Sweden Joins NATO – Does it Contribute to Peace or Intensify Conflict?
Prof Rajaram Panda

On 7 March 2024, Sweden officially became NATO’s newest member, upon depositing its instrument of accession to the North Atlantic Treaty with the Government of the United States in Washington DC, thereby ending its 200-year-old policy of neutrality. When Swedish Prime Minister Ulf Kristersson deposited the final paperwork with US Secretary of State Antony Blinken, the last step needed for the former militarily nonaligned nation to become NATO’s 32nd member was completed.

Given the on-going war between Russia and Ukraine, Sweden’s accession marked a historic shift highlighting how Russian President Vladimir Putin’s war in Ukraine is transforming European security in ways he may not have foreseen. It would thus not be wrong to say that Sweden’s decision to join Europe’s security alliance system was spurred by the Ukraine war and geographic considerations. [1] Ironically, Putin had justified his aggression because he feared the possibility of NATO’s expansion. On the contrary, it was Putin who by his aggression was instrumental in bringing a stronger alliance on his doorstep. Russia willy-nilly now has to live with the consequences of its action in Ukraine for years. As Blinken remarked Ukraine became the clear example of the strategic debacle for Russia. He said: “Everything that Putin sought to prevent, he has actually precipitated by his actions, by his aggression”.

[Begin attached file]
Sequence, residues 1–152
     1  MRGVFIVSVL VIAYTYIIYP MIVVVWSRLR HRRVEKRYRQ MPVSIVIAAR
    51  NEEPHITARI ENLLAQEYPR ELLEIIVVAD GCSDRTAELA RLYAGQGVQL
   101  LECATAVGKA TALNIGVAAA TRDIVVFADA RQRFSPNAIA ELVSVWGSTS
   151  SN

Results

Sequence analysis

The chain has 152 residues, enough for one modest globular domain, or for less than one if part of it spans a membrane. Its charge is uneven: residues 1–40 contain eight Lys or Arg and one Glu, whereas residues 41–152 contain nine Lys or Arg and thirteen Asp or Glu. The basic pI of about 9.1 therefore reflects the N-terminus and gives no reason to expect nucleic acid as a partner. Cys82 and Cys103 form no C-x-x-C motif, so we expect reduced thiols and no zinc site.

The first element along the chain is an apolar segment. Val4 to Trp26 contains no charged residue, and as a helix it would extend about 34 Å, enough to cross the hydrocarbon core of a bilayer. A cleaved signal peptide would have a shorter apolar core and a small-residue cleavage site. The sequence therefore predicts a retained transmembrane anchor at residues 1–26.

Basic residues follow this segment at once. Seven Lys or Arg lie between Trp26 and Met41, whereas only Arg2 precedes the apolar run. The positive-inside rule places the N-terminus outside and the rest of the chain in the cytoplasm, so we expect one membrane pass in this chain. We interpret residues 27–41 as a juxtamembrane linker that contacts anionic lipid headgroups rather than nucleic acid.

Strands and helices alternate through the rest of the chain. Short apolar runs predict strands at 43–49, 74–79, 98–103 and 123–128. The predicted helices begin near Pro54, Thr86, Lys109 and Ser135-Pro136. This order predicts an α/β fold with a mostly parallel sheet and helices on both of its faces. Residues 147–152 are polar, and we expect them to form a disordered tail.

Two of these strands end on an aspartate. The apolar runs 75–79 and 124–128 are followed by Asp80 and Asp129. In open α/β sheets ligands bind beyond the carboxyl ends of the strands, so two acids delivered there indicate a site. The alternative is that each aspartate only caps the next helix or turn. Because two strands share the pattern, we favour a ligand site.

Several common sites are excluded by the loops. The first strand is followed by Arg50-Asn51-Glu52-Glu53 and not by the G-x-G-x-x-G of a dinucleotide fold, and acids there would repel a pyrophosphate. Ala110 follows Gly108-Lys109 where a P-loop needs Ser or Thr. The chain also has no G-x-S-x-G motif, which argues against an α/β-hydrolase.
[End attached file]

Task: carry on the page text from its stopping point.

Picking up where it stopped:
It may be recalled, Sweden embraced neutrality as a result of repeated conflicts with Russia—particularly the early nineteenth-century Finnish War, when it lost Finland to Russia. This time around, Russian aggression in Ukraine led to a dramatic reversal of that policy. This shall have major implications for the regional balance of power.

After the Great Northern War (1700-1721) [2], Sweden concluded that neutrality would best serve its sovereignty and national security. It avoided armed conflict, abstained from involvement in great-power spheres of influence, eschewed military alliances, and focussed on international peacekeeping and humanitarian initiatives. Even during the Cold War, its official policy was characterised as ‘non-alignment in peace, so as to maintain neutrality in war’, despite being economically, culturally, and militarily aligned with the United States.

Finland had already joined NATO in 2023. Now, with the addition of Sweden and Finland, NATO’s position in the far north shall be strengthened further. It is in this part that Russia maintains much of its second-strike nuclear capability aiming to boost its presence around the Baltic Sea, particularly around the Russia exclave of Kaliningrad. [3]

What advantages Sweden’s entry into the NATO brings to the existing alliance? Prior to joining, Sweden navy had operated in the Baltic waters and its fighter jets have patrolled the region’s skies. This positions Sweden capable of defending Baltic allies, if there is a need to do so. Sweden is already committed to send troops to join multinational force based in Latvia. For Sweden, there is reason to feel secure now than before. Sweden’s Prime Minister has also committed to comply with the alliance’s defence spending target of 2 per cent of gross domestic product from 2024 onwards.